Biography of emperador del Sacro Imperio Leopoldo I (1640-1705)

(Emperor of the sacred Empire (1658-1705), King of Hungary (1655-1705)) and Bohemia (1656-1705)), born in 1640 and died in 1705. Its almost fifty years of rule were marked by the wars against the Hungarians, against the Turkish Empire and France, forming part of the League of Augsburg and taking part in the war of the Spanish succession.

A member of the House of Habsburg, Leopoldo was the second child of the Emperor Fernando III and the Empress María Ana, of Spanish origin. First it was decided for the ecclesiastical state and surrendered their education to the Jesuits, but the death of his brother Mays, Fernando IV (1654), which had already been crowned reya of Bohemia, became Crown Prince. In three consecutive years he received the Crown of Hungary (1655), Bohemia (1656) and head of the House of Habsburg, after the death of Fernando III (1657). In 1658 he was elected Emperor of the Holy Roman Empire.

He developed a new absolutist policy that led to greater centralization and the formation of a Confederation in the basin of the Danube that had some weight in the European concert. To achieve this, Leopoldo I was forced to keep a huge army and to overcome the opposition of the Hungarian nobility. From 1661, he kept a war against the Ottoman Turks who won St. Gotthard in 1664, forcing the sultan to sign the truce of Vasvár, which was not fulfilled. In 1669, Leopoldo I launched an offensive at the Danube against the Sublime Porte, who had seized Crete, showing a new vitality. Reinforced in Central Europe, the Ottomans laid siege to Vienna in 1683, but were defeated in the battle of Kahlenberg. The Emperor started the counter-offensive by the call for a Holy League (1684), in which Venice, Russia and Polononia were integrated. Leopold recovered Hungary, conquered Buda and Belgrade, and in 1690 saw recognized its sovereignty over Transylvania. In 1697, the Turks were swept away in Zentha and sultan Mustafá II sought a peace that I signed in to Carlowitz (1699), Treaty that ratified the Austrian dominion over the Balkans.

The Government of Leopoldo I coincided in France of Luis XIV, whose majoritarian politics soon brought him into conflict with the emperor. When the French invaded the United provinces in 1672, thus putting an end to the Republican Government of Jan de Witt and the coming to power of the Guillermo de Orange, Leopoldo I statuder he joined the League against France, which joined the United provinces, Spain and the Duchy of Lorraine. The victories of the Sun King forced allies to sign the peace of Nijmegen, which provided great territorial advantages for France. This engrandeciemiento of France was seen with concern by the partisans, German princes keep agreements of Westphalia. On the other hand, after the victory at Kahlenberg against the Turks, the prestige of the Emperor had greatly increased and Leopoldo had adopted the role of Savior of Christianity. Luis XIV, eager to make the truces of Regensburg a final Treaty, invaded the Palatinate (September 1688), causing the union of Europe against France in a League that was known as Augsburg; promoted by the statuder Guillermo de Orange, joined England, Empire, Spain and Savoy. There was a long war in which the most important victories came to France, but, exhausted and unable to inflict a final defeat to League, signed disadvantageous peace of Ryswick in 1697. Leopold I also fought against France in its another great war, the Spanish succession, claiming their rights to the throne of Spain for being the son of Ana María. The Emperor did not know the outcome of this conflict.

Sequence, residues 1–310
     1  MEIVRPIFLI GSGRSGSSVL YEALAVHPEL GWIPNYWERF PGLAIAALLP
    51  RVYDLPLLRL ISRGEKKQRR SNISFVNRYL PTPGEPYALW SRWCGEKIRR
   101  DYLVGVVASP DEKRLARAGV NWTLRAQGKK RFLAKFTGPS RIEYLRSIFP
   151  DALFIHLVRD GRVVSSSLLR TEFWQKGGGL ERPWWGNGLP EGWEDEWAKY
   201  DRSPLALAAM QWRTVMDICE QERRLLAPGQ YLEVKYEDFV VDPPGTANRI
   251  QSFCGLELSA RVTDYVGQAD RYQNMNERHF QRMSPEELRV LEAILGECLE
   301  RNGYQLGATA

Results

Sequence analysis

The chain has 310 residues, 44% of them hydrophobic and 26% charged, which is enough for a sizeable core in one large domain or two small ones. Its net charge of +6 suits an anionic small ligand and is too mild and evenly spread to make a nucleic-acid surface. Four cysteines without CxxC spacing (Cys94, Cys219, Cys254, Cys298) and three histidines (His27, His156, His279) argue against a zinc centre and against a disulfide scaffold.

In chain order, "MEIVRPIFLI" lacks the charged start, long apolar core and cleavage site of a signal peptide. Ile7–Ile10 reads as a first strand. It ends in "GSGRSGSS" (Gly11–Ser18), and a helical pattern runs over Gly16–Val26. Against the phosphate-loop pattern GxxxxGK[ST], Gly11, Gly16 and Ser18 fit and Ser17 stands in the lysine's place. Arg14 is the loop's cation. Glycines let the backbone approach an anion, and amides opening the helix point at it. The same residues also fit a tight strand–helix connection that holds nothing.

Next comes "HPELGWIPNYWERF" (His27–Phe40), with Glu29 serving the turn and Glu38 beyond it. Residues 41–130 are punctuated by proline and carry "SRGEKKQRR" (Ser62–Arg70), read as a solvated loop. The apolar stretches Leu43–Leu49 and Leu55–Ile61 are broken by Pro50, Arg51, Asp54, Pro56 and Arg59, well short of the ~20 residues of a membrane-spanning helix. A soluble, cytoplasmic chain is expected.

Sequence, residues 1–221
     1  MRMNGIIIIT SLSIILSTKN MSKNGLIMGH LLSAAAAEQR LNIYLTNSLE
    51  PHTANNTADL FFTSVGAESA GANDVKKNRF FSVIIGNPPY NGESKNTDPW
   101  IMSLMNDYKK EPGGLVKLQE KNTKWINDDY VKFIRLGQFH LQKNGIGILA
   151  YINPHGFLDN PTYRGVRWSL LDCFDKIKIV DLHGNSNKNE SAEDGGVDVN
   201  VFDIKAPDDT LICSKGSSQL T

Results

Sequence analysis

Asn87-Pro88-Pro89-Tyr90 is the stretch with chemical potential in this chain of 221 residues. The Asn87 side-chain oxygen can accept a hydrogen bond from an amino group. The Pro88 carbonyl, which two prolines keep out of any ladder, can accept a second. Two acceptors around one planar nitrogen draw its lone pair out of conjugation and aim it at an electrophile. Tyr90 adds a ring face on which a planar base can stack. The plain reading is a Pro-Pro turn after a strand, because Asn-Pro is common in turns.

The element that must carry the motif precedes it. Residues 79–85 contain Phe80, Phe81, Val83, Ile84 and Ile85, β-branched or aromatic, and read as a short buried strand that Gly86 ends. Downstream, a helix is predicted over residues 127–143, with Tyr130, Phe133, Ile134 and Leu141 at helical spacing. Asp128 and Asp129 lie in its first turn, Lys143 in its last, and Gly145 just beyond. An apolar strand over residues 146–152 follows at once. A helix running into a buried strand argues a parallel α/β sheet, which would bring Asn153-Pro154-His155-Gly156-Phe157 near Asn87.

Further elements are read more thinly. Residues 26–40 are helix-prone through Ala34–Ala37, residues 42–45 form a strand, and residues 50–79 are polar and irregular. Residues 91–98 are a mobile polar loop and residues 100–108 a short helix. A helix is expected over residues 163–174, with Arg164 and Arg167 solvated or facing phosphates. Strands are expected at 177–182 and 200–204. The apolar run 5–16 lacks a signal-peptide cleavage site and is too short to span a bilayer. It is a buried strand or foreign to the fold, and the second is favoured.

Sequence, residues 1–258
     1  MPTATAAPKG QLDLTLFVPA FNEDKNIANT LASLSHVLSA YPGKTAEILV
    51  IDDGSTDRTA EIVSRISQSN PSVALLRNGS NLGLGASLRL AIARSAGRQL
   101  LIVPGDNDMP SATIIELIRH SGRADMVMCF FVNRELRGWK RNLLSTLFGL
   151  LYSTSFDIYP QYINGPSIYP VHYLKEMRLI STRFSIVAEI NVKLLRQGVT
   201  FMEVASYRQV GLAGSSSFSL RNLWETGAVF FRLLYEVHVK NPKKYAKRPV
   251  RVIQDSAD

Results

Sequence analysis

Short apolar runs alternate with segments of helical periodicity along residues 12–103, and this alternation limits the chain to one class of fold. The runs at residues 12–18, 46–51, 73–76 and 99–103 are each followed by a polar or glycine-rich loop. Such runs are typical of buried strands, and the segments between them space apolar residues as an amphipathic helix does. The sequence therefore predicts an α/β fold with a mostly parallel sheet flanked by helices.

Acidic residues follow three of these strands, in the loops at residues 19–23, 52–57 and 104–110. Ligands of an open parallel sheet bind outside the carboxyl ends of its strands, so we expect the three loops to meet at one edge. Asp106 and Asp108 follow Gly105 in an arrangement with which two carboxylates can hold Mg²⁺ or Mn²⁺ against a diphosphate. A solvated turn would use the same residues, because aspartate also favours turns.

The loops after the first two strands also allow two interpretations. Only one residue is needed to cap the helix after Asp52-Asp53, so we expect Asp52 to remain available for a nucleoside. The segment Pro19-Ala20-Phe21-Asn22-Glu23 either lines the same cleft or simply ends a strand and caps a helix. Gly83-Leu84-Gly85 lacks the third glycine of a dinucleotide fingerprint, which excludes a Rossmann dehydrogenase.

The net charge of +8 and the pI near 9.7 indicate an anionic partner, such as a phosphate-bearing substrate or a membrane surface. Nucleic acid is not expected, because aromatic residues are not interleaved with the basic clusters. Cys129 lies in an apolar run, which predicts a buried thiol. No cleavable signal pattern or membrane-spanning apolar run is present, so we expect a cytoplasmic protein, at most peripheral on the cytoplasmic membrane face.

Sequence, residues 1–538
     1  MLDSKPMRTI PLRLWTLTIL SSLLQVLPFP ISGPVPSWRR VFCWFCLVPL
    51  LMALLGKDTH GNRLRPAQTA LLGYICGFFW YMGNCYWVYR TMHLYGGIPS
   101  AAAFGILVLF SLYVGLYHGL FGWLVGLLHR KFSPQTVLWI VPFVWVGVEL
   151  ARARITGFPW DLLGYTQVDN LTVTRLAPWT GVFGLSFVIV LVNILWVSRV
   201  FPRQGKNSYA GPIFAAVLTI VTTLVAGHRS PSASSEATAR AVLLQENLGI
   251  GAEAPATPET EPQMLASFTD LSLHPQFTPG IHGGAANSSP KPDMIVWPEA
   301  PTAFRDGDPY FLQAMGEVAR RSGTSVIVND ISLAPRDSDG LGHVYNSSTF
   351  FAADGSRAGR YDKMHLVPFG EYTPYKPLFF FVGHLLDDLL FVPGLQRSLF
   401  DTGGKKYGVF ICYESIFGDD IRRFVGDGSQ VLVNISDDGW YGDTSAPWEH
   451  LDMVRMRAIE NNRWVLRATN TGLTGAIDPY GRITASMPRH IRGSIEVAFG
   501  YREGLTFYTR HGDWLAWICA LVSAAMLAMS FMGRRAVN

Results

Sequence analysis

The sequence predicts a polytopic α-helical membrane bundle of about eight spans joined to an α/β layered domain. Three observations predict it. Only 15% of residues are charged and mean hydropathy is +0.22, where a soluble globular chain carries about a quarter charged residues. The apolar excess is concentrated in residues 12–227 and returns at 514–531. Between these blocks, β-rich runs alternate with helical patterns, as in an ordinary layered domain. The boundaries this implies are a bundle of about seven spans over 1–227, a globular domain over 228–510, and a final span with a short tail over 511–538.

Continuous wars of the Empire and the astronomical costs of the ostentatious Court of Leopoldo I left depleted coffers of the monarchy of Habsburg, who entered a period of chronic crisis. To combat it, already existing taxes were increased from Vienna and created new rates, which fell unevenly on countries of the Czech Crown, and to a greater extent in Bohemia. Bohemia was relegated to the level of province with the preference that began to give to the Austrian territories. It also continued the process of reformist of the Czech nobility and was a recridecimiento of the already miserable conditions of life of the peasantry of itself.

Leoplodo I lacked skills for the Government, which did not prevent him concentrate in their hands the crowns of the Empire, Bohemia and Hungary. He was hesitant and indecisive, but it compensated with a great capacity for work. It is said that the emperor was born for music, and even compose some works. He loved all the manifestations of art and came to assemble a large collection of books. The language they spoke in his court was Italian; the Emperor spoke no German or Czech. His two marriages had two children and three children. On his death the Government was taken by his eldest son, José I.

Bibliography

INGRAO, C. W. The Habsburg Monarchy. London, 1995.

JMMT